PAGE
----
Ethiopia and Eritrea Celebrate new Peace; What will it Mean for the Gospel?

Lyndsey Koh | 26 July 2018

East Africa (MNN) — The recent peace deal between Ethiopia and Eritrea is being widely celebrated by their people. However, once the confetti settles, what will peace between the two nations look like?

Before the peace accord, a long and bloody conflict defined the relationship between Ethiopia and Eritrea for nearly 20 years. Eritrea was formerly a province of Ethiopia until it gained independence in 1993. With the split, families were separated and lines were drawn in the sand. The fighting that started soon after was one of Africa’s most costly and devastating conflicts.

Three months ago, Ethiopians elected 41-year-old Abiy Ahmed as the new prime minister. Ahmed met with Eritrean President Isaias Afwerki in Addis Ababa over the weekend. Together they contrived a five-pillar agreement to end the conflict between their two nations.

Peter* from Ethiopia serves with Global Disciples. He says, “What they speak of is really forgiveness for what happened in the past, love, and peace. That is the language the prime minister of Ethiopia is speaking and the same that the president of Eritrea is echoing.”

Suri tribesmen in Ethiopia. (Photo courtesy of Trevor Cole via Unsplash)

With this new peace agreement, borders will be reopened and trade reinstated between the two countries. The key now is seeing whether the peace agreement will stand as each government holds to their side of the deal. Previous attempts at reconciliation between Ethiopia and Eritrea have failed.

Christians in Ethiopia are also wondering what peace with Eritrea could mean for the spread of the Gospel.

Eritrea is number six on Open Doors’ World Watch List, which rates countries with the worst persecution of Christians. According to Open Doors, the majority of Christian persecution in Eritrea stems from dictatorial paranoia. There is only one sanctioned church denomination: the Eritrean Orthodox Church. Believers in other denominations are persecuted by the EOC and Muslim communities. They are even arrested by the government, who accuses them of spying for the West.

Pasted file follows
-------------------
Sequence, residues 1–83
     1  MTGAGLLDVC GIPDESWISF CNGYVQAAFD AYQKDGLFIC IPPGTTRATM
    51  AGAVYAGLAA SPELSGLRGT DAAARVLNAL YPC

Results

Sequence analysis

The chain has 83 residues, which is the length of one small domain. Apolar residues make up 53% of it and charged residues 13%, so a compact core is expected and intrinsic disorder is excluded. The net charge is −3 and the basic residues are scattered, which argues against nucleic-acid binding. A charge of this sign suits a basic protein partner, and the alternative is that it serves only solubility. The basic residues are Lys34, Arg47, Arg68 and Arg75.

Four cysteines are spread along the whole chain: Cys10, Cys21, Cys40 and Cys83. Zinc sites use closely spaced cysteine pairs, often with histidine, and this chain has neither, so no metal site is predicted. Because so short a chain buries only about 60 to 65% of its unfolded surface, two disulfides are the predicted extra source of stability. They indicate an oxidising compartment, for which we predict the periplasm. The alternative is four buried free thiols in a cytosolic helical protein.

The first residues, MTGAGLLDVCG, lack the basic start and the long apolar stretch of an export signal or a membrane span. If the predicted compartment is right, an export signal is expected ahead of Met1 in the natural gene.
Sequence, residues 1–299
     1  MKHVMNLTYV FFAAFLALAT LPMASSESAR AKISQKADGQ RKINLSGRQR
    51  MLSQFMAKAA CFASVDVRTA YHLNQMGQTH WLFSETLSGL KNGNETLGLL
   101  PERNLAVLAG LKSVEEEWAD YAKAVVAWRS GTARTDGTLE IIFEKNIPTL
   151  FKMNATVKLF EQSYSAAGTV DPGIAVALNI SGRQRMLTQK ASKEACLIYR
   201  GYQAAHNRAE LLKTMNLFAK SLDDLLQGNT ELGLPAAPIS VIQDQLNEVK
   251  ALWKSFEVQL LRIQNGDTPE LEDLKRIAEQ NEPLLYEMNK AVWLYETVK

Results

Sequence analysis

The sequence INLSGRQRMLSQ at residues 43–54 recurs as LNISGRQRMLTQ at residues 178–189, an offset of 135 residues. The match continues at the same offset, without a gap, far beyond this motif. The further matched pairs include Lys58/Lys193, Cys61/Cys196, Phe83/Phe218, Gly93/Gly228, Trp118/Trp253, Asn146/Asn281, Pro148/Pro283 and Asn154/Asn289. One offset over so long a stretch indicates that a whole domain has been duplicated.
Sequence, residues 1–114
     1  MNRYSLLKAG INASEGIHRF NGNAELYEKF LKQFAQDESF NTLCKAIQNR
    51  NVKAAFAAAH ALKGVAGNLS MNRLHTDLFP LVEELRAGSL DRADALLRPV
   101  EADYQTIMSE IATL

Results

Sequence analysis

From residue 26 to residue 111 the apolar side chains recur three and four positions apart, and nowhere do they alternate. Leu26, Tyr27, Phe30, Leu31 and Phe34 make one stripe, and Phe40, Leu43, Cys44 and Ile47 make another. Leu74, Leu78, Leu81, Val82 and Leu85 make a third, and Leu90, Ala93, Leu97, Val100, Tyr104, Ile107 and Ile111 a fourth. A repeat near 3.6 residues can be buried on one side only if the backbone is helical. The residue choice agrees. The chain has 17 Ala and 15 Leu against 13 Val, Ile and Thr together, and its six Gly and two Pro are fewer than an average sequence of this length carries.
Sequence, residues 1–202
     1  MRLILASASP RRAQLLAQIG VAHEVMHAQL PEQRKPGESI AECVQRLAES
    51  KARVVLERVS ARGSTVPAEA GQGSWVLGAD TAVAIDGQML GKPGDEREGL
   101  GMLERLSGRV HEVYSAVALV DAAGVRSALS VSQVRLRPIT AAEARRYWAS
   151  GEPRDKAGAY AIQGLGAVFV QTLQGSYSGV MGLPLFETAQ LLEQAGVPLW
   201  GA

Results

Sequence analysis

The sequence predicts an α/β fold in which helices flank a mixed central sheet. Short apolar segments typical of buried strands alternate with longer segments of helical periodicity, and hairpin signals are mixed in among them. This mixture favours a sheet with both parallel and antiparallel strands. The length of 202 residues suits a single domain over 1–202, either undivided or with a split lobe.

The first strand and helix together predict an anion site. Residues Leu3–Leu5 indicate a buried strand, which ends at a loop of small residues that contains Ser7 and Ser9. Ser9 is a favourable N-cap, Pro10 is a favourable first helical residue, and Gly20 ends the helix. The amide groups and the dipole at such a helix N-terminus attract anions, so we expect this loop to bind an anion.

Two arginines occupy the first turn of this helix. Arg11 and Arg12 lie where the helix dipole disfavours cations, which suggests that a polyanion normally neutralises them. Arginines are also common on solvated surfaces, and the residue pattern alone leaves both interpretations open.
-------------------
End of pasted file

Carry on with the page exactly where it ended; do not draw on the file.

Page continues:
Peter explains, “Before Eritrea became independent, in Eritrea all the denominations — whether Lutheran or Protestant, or Evangelical, Pentecostal — all churches were there. When Eritrea became independent and started persecuting, then many of them went underground…. There are underground churches in Eritrea, even if most of them are in prison.”

cross, steeple, cathedral

Photo courtesy of Unsplash

Now, some are hopeful that Ethiopia can be a good example of greater freedoms to their Eritrean neighbors — including religious freedoms.

“I was watching on Sunday the celebration of the peace between Eritrea and Ethiopia in which the different religious leaders gave a speech in the presence of the president and the prime minister and the government officials from both countries. It has really demonstrated it is possible for different people groups and different religious groups to live together in peace, respecting one another, [and] sharing the love of Christ.”

As the border between Eritrea and Ethiopia reopens, it could mean growing evangelism access for Ethiopian churches near the border. “Those [churches] who are bordering with Eritrea speak the same language and it will give them access easily to cross,” says Peter. However, just how much Eritrea will tolerate has yet to be seen.

Peter has experienced successful evangelism across national borders. He is hopeful for evangelism efforts between Ethiopia and Eritrea as well. “When I was a mission director serving with one denomination in my country, it gave me an opportunity to work on the border of Sudan, Somalia, [and] Djibouti — training and sending those who speak their language [who then] easily planted churches. So that will give an opportunity for the churches in Ethiopia to get access even if Eritrea is on one of the top 10 [World] Watch List.”

Pixabay, uganda

Photo courtesy of Pixabay

Global Disciples equips churches in Ethiopia to reach the least-reached with the Gospel. Peter explains, “Global’s strategy is near-culture workers. So as we empower the Ethiopian churches who have vision to reach the least-reached people, I think Global will work with those churches…. They will take the Gospel next-door. It is almost the next village because for some of them they are on the border [with Eritrea].”

As the world watches how the new peace accord between Ethiopia and Eritrea will play out, Christians around the world can pray for the nations and believers there.

“I really thank God for the beginning of this reconciliation between the two countries and peace. Keep praying for this to open wide doors for the Ethiopians to go and reach the unreached people group in that country as well as for God to soften the heart of the government of Eritrea. We have to pray for them.”

Also, Peter asks, “Keep praying…for the Ethiopian Church to use this opportunity to take the Gospel to Eritrea.”

 

*Name changed for security purposes.

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